Urías' head-scratching season continues: 'Today, he just wasn’t right'

September 2nd, 2023

LOS ANGELES -- The Dodgers had one of their best months in franchise history in August, going 24-5. The first day of September, however, wasn’t so kind to the Dodgers.

Left-hander struggled for the second consecutive start, allowing five runs over five innings in the Dodgers’ 6-3 loss to the Braves on Friday at Dodger Stadium. With the loss, the Dodgers fell six games behind the Braves in the race for home-field advantage in the National League.

Just a few weeks ago it appeared Urías, one of the best pitchers in the NL over the last two seasons, had finally gotten back to the form that turned him into one of the elite starters in the Majors.

Over his first four starts in August, the Mexican left-hander was dominant, going 4-0 with a 1.44 ERA. Urías’ start to August gave the Dodgers a much-needed boost in the rotation. But over his last two outings, Urías hasn’t been as sharp, allowing 11 runs over 11 innings of work. It has been a continuation of what has been a head-scratching campaign for the 27-year-old.

“Obviously I didn’t pitch the way that I wanted to pitch,” Urías said in Spanish. “I gave it all my all, but I failed and now I just have to pitch better the next time out.”

On Friday, Urías’ inability to keep the Braves in the ballpark was ultimately what doomed him and the Dodgers. Urías gave up a solo homer to Travis d’Arnaud in the second inning to open the scoring. In the third, it was Ronald Acuna Jr. that greeted Urías with a solo homer of his own, continuing to make his case for NL MVP in front of fellow contenders Mookie Betts and Freddie Freeman. 

In the fourth, it was Marcell Ozuna’s time to take Urías deep on a four-seam fastball that was left down the heart of the plate. Over his last two games, Urías has given up six homers and 24 on the season. Last year, Urías allowed just 23 homers en route to an NL ERA title.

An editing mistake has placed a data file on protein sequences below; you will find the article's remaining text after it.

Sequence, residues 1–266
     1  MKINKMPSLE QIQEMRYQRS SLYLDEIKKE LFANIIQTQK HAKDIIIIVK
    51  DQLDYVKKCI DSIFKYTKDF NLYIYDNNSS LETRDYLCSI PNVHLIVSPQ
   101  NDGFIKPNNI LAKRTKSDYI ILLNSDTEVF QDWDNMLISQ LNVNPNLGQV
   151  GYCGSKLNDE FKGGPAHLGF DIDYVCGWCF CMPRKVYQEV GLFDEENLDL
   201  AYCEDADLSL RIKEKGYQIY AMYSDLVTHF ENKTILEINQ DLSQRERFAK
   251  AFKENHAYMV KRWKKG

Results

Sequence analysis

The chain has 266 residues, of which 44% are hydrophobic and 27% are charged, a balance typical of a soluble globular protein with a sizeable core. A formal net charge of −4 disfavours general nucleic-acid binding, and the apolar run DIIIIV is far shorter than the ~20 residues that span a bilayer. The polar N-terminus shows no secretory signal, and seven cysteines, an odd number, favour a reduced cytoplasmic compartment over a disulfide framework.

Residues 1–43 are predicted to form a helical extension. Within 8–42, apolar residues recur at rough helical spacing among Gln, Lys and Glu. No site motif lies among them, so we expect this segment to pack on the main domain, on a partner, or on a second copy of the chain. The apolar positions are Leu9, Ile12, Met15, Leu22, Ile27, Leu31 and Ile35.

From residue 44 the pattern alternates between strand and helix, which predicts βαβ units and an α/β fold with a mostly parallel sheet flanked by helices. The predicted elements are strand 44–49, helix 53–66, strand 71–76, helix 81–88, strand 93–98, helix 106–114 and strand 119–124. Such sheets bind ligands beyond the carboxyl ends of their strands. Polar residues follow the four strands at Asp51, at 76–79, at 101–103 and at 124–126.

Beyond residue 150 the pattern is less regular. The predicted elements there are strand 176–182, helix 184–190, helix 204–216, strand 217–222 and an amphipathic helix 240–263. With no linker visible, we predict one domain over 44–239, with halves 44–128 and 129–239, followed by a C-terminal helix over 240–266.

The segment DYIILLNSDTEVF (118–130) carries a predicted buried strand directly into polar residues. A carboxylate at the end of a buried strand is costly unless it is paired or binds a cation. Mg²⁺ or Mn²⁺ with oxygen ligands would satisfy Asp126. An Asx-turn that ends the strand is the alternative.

“Julio wasn’t sharp,” said Dodgers manager Dave Roberts. “There were a lot of pitches middle-middle. There wasn’t a whole lot of chase or swing-and-miss. Obviously these guys can hit it out of the ballpark. If you make a mistake, that’s what’s going to happen.”

Over his last five starts of the regular season, a lot of the focus will be on Urías and how he’s performing heading into October. In order for the Dodgers to have the best shot to win a World Series, they’ll need Urías at his best.

“I think that even tonight we talk about being able to take down 15, 18 outs, it’s important,” Roberts said. “He’s a guy we count on to do that. He understands that. The last couple just haven’t been ideal. … I just think today he just wasn’t right from the outset.”

While Urías’ outing put the Dodgers in an early hole, the offense was also held quiet most of the night against Braves ace Max Fried, who struck out a season-high 10 batters over seven dominant innings. The Dodgers’ offense hasn’t been neutralized much over the last month, but Fried had every pitch working on Friday.

It wasn’t until Fried exited the game that the Dodgers made their nightly comeback attempt. Even with Roberts electing to take Betts, Freeman and Max Muncy out of the game in the later frames, the Dodgers didn’t go down without a fight against the Braves’ bullpen. 

Kolten Wong, who signed a Minor League deal with Los Angeles after getting designated for assignment by Seattle, was added to the active roster on Friday and made an impact right away. In his first at-bat in Los Angeles, Wong smashed a three-run homer against right-hander Pierce Johnson in the eighth.

A few batters later, the Dodgers had the tying run at the plate in Chris Taylor, but the utility man struck out swinging on a high fastball. 

The four-game set against the Braves was always going to be a strong test for the Dodgers. In the first two games of the series, the difference has been the quality of the innings thrown by the starting pitchers. 

“I think we can do a better job of preventing runs than we’ve shown in these two games,” Roberts said. "But, yeah, their starting pitching you could argue might be the best in baseball.”